By all means save Milton Court, if only to remind us that even the City of London had a civic duty once upon a time to provide the type of public services this building once offered in a user-friendly, convenient and life-saving form. (The fire station did sterling service during the war and beyond.) The building is a reminder of a more mindful, compassionate age. However, the needs of the Guildhall School of Music and Drama (GSMD) have to be taken into account also, especially if, as it seems, there is no room for them anywhere in the recently expensively refurbished Barbican Arts Centre concrete sandwich, more's the pity. So let's move ahead and convert Milton Court to provide GSMD with what it requires. There must be at least one architect out there who can respect the building and its past while achieving all such a well-deserving organisation as GSMD needs so desperately. Perhaps a competition might be in order or is this really nothing to do with architecture, just a question of much the City can make by erecting a nothing building that will provide a high-enough price or sufficient income to cover the costs of providing GSMD with the performance area it so desperately needs. After all, the City gets all the prestige it could ever want from owning and running this world-class conservatoire. As for television presenters, what do most of them know other than how to read a cue card?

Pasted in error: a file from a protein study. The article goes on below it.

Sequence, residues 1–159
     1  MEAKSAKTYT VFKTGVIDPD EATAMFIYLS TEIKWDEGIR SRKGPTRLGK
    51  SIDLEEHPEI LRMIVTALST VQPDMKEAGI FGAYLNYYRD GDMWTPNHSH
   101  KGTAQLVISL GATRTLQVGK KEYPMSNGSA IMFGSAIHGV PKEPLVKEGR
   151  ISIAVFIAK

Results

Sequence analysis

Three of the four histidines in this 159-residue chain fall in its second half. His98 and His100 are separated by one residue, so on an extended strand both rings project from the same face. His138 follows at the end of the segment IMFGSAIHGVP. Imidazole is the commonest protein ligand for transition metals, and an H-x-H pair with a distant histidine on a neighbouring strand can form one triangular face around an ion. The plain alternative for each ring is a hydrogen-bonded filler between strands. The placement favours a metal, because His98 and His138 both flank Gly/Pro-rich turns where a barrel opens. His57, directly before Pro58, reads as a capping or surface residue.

John Bailey, London
How can you save a building when its own apologist calls it brutalist? There is nothing left today of the old City. It has all been torn down in the name of...profit. So why not this, which so spectacularly fails those men and women it was allegedly built for?
Pierre Constantin, United Kingdom
As a nearby resident, i find it quite a silly 'discussion' - for the simple reason that the 80s turquoised-glass-class building behind it (you can see it in top photo) a trillion times more hideous! I must say though, Milton Court is a nightmare for wheelchair users. When the lift is (very often) broken, one has to reverse BACK about 300m to get out of the complex... very annoying...
Daniel Brown, Barbican, London
It may not be pretty, but architectural trends of today leave a lot to be desired.
Andrew W, Crewe UK
I trained at the Guildhall school of Music and Drama. The facilities are in desperate need of updating and Milton Court is such a obvious choice of location. It comes down to this for me: Buildings or people. We have the chance to create a great and inspiring new workspace for young students of the arts or we can keep an ugly old building. Not much of a choice really is it? We should be moving forward, not looking back.
Jake Thornton, Los Angeles, USA